Our not so chivalrous heroes
What soon became apparent (to me) was that the narrator was totally off-the-mark when it came to describing what kind of qualities the musketeers demonstrate in their various adventures. For instance, early on in the narrative we are informed that D’Artagnan “was a very prudent youth”. Prudent? This is the same guy who picks a fight with every person who gives him a ‘bad’ look? And no, he doesn’t back down, even when he knows that his opponent is more experienced than he is.
D’Artagnan is not only a hothead but a dickhead. The guy is aggressive, impetuous, rude to his elders and superiors, and cares nothing for his country. Yet, he’s described as being devout to his King, a true gentleman, a good friend, a great fighter, basically an all-rounder!
I was willing to give D’Artagnan the benefit of the doubt. The story begins with him picking up fights left and right, for the flimsiest reasons. The perceived insults that drive him to ‘duel’ brought to mind
Ridley Scott’s The Duellists, so I was temporarily amused. When I saw that his attitude did not change, he started to get on my nerves. Especially when the narrative kept insisting that he was a ‘prudent’ and ‘smart’ young man.
D’Artagnan’s been in Paris for 5 minutes and he already struts around like the place as if he owned the streets. He hires a servant and soon decides “to thrash Planchet provisionally; which he did with the conscientiousness that D’Artagnan carried into everything. After having well beaten him, he forbade him to leave his service without his permission”. Soon after D’Artagnan is approached by his landlord who asks his help in finding his wife, Constance Bonacieux, who has been kidnapped…and D’Artagnan ends up falling in love at first sight with Constance (way to help your landlord!).
While Constance never gives any clear indication that she might reciprocate his feelings or attraction, as she is embroiled in some subterfuge and has little time for love, D’Artagnan speaks of her as his ‘mistress’. Even when he becomes aware that Constance may be up to no good, as she repeatedly lies to him about her whereabouts and motives, D’Artagnan decides to help her because he has the hots for her. Our ‘loyal’ hero goes behind his King’s back and helps Constance, who is the Queen’s seamstress and confidante, hide the Queen’s liaison with the Duke of Buckingham. Let me recap: D’Artagnan, our hero, who hates the Cardinal and his guards because they are rivals to the King and his musketeers, decides to help the Queen deceive their King and in doing so ends up helping an English Duke. Do I detect a hint of treachery? And make no mistake. D’Artagnan doesn’t help the Queen because he’s worried that knowledge of her disloyalty might ‘hurt’ the King’s feelings nor is he doing this because of compassion for the Queen. He decides to betray his country because he’s lusting after a woman he’s met once or twice. Like, wtf man?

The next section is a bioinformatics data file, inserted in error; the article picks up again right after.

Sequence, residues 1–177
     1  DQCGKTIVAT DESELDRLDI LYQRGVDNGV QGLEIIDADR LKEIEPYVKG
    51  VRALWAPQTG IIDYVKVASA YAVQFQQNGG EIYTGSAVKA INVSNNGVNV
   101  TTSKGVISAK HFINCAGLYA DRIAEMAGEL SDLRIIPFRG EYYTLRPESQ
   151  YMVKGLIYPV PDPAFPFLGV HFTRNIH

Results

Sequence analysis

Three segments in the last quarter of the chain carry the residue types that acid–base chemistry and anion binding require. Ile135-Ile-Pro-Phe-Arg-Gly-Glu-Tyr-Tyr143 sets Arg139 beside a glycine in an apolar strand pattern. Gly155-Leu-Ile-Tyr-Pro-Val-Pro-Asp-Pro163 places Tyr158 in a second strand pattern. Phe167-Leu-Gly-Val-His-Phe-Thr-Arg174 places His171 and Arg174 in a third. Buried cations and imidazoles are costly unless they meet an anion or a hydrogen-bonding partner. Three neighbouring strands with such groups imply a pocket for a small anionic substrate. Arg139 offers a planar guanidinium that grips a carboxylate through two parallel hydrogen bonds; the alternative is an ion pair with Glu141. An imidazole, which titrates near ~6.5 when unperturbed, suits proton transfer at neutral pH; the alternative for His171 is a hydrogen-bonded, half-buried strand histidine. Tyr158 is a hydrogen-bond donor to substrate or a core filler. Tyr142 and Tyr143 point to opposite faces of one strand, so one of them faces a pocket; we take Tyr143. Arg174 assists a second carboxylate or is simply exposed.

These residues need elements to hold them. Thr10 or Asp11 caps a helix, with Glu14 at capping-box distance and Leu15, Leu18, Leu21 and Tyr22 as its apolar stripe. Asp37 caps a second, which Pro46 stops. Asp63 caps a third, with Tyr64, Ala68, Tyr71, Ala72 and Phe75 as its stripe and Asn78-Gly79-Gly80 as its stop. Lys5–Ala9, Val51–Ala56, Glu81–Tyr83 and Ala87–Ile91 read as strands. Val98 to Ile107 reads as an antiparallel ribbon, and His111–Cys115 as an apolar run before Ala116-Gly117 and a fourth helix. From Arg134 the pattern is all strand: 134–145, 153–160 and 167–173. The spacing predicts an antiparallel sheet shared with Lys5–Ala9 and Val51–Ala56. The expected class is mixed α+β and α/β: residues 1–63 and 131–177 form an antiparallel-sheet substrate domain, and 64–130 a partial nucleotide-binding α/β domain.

Anyway, he recruits his new friends, Athos, Porthos, and Aramis, to help him him out. Their plan involves travelling to England so the Duke can give to D’Artagnan the Queen’s necklace (given to him as a token of her affection). Along the way the musketeers are intercepted by the Cardinal’s minions (the Cardinal wants to expose the Queen’s affair) and Athos, Porthos, and Aramis are either wounded or incapacitated. D’Artagnan completes his mission, he returns to Paris, caring little for his friends’ whereabouts, and becomes once again obsessed by Constance. The Queen shows her gratitude by giving him a flashy ring.
Constance is kidnapped (again) and D’Artagnan remembers that his friends are MIA. He buys them some horses (what a great friend, right?) and rounds them up. He then forgets all about Constance and falls in love with Milady de Winter. He knows that Milady is in cahoots with the Cardinal but he’s willing to ignore this. In order to learn Milady’s secrets, D’Artagnan recruits her maid who—for reasons unknown to me—is in love with him. Our hero forces himself on the maid, and manipulates her into helping him trick Milady. He pretends to be Milady’s lover and visits her room at night, breaking the maid’s heart and putting her life at risk. He later on convinces Milady that her lover has renounced her and visits her once more at night and rapes Milady. D’Artagnan knows that Milady is in love with another man, but idiotically believes that forcing himself on her will have magically changed her feelings. When he reveals that her lover never called things off with her, and it was him who visited her room a few nights prior, well…she obviously goes ballistic. And D’Artagnan, who until that moment was happy to forget that she is a ‘demon’ and ‘evil’, discovers her secret identity.
D’Artagnan remembers that he’s in love with Constance who is then killed off by Milady, just in case we needed to remember that Milady is diabolical…more stuff happens, D’Artagnan wants to save the Duke’s live, just because it is the Cardinal who wants him dead. D’Artagnan, alongside his bros, plays judge, jury, and executioner and corners and condemns to death Milady.
In spite of our hero’s stupidity (he goes to dubious meeting points, ignores other people’s warnings, wears his new ring in front of the Cardinal) he wins. Hurray! Except…that he isn’t a fucking hero. This guy is a menace. He abuses women, emotionally and physically, manipulates them into sleeping with him, forces himself on them, or makes them agree to do his bidding. Women are disposable for D’Artagnan. He uses them and throws them to the side.
But, you might say, the story is set in the 17th century. Things were different then. Women weren’t people. Okay, sure. So let’s have a look at the way in which our young D’Artagnan treats other men. He beats and verbally abuses his servant, he goes behind the King’s back and commits treason, he forgets all about his friends unless he needs help in getting ‘his’ women.